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Click and Collect Becoming Prominent Delivery Method

At the forefront of many retailer strategies is ensuring they are effectively and seamlessly serving their customers across the multitude of channels that exist today. Even retailers like Morrisons and pound shops, which long resisted, are now moving online, albeit not without their own teething problems.

At the same time, pure-play retailers are recognizing the need to establish a physical presence. eBay is now partnering with Argos, while Amazon lockers are popping up across UK shopping centers, in co-op stores, and potentially, in London Underground stations in the near future.

At Planet Retail, we monitor retail developments worldwide, and the UK is by far the most advanced when it comes to the merging of online and offline channels. In fact, Planet Retail data show that more than one-third (35 percent) of online shoppers in the UK collected an item in store, compared to just 13 percent in the U.S. and 5 percent in Germany. By 2017, we expect more than three-quarters (76 percent) of online shoppers in the UK to collect their own online purchases.

Click and collect, as it is widely known, enables today’s “anytime, anywhere” consumers to marry the benefits of online shopping—price, assortment and availability—with the convenience of collecting the item on their own terms.

The most successful retailers recognized and responded to this shift in shopping behavior early on: Click and collect now accounts for 45 percent of Next online orders and is John Lewis’ fastest growing fulfilment channel. But more needs to be done. A recent Planet Retail survey showed that, despite the UK being a hotbed for click and collect, only two-thirds of the top 50 retailers currently offer the service.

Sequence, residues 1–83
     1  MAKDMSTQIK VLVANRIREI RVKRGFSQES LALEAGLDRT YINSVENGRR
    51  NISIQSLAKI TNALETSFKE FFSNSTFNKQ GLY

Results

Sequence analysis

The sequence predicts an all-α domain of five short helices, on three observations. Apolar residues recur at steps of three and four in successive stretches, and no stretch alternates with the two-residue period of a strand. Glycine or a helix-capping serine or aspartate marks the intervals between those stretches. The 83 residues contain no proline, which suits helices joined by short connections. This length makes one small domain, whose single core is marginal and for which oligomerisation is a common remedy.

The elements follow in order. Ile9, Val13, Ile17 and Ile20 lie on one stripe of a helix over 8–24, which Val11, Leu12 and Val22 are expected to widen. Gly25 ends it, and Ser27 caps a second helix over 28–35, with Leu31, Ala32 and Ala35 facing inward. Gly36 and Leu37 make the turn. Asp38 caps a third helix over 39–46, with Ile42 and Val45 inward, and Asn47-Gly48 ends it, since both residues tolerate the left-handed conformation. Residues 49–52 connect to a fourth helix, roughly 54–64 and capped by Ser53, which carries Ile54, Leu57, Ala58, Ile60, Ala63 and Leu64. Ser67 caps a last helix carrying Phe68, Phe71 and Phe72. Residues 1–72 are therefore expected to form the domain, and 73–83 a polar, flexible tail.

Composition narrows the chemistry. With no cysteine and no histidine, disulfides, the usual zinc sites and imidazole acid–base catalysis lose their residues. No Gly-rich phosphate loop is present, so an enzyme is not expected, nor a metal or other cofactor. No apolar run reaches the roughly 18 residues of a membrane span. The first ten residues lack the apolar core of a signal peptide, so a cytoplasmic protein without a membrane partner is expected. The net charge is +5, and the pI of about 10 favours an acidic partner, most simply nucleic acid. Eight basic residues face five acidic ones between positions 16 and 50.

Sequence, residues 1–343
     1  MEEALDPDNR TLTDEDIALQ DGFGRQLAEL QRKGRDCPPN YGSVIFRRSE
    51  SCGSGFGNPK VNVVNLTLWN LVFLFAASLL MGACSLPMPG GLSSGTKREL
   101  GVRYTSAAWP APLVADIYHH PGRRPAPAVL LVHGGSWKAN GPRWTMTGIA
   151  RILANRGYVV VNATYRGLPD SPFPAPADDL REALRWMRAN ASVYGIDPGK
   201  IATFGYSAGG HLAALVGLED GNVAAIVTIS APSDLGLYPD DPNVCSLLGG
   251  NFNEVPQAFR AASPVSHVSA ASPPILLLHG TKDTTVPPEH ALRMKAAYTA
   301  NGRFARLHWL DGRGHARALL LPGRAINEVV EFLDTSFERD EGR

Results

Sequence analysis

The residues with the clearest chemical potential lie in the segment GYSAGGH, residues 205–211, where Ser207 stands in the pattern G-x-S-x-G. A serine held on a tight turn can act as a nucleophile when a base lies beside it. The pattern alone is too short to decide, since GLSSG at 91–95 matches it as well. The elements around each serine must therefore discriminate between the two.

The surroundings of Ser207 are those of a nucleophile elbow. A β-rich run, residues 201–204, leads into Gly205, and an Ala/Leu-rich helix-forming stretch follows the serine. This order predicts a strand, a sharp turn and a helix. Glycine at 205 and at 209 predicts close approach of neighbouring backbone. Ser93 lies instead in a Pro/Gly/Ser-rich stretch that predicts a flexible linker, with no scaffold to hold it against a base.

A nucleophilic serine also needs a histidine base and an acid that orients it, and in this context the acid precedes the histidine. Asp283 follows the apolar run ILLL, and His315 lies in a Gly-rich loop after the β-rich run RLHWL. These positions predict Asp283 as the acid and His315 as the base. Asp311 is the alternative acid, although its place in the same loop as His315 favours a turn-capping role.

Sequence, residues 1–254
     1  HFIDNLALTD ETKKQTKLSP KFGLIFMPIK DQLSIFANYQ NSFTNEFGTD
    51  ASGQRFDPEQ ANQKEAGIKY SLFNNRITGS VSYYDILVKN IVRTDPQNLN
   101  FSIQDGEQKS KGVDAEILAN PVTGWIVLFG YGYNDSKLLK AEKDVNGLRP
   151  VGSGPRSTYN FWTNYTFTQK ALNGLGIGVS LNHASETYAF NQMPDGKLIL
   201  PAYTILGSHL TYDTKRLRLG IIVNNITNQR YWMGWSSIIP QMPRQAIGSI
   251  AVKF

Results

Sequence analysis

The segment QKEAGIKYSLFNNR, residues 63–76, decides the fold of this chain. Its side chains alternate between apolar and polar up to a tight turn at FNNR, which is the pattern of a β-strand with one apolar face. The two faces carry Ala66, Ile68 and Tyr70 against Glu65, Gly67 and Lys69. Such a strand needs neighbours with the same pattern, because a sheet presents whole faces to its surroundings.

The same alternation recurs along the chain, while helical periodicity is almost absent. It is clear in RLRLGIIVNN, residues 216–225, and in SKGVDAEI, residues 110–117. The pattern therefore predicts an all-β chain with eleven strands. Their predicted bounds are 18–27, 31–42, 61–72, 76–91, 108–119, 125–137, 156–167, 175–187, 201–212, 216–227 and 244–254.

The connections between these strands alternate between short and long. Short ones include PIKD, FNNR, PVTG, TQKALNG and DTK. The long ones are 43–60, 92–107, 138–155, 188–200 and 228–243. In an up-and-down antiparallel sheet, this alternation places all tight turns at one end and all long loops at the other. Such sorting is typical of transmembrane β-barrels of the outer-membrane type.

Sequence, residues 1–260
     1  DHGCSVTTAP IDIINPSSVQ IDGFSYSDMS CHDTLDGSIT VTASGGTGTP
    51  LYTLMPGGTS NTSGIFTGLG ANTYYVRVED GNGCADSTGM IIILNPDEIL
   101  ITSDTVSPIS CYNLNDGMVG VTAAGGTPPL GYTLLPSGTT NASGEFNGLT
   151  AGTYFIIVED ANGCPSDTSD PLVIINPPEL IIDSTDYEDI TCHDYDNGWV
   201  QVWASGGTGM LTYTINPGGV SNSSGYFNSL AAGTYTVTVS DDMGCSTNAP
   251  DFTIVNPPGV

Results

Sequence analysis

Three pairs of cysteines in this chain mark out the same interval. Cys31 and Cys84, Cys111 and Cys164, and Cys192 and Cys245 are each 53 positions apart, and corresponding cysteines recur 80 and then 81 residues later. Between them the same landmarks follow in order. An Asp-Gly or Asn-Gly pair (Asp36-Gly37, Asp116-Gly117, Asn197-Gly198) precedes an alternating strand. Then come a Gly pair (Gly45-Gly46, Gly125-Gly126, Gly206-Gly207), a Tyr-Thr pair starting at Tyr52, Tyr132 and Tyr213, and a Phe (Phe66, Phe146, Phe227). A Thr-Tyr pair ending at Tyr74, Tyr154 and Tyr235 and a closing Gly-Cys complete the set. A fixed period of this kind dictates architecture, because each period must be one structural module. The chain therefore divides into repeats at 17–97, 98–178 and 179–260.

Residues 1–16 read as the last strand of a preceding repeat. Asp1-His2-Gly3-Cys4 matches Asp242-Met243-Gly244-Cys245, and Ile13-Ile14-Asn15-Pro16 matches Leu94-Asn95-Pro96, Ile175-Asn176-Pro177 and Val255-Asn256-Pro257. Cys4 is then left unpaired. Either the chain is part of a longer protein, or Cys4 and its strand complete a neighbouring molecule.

In-store pickup remains the most popular collection method. However, shoppers are increasingly seeking alternative third-party locations as collection points. Out-of-store collection is set to grow in popularity as shoppers increasingly demand greater flexibility and choice.

To learn more about this changing landscape, we spoke to Neil Ashworth, CEO of CollectPlus—the UK’s largest store-based parcel delivery and returns service. “This is the area the consumer will take control of next,” Ashworth explained. “They’ve already taken control of the way in which they shop, and while there’s an awful lot of talk about immediacy, what customers want first and foremost is reliable delivery.”

CollectPlus has a nationwide network of over 5,500 convenience store, petrol station and supermarket locations. It offers three services: Returns, ClickandCollectPlus and Send. A growing number of retailers now offer CollectPlus’ ClickandCollect+ service, including well-known brands such as Asda, House of Fraser and River Island, as well as pure-play online operators like Amazon.

Shoppers simply select the CollectPlus option at checkout, enter their postcode to discover their nearest pick-up point and ultimately collect their parcel once delivered. “Increasingly, the customer is finding us. They actually go out looking for us now,” commented Ashworth.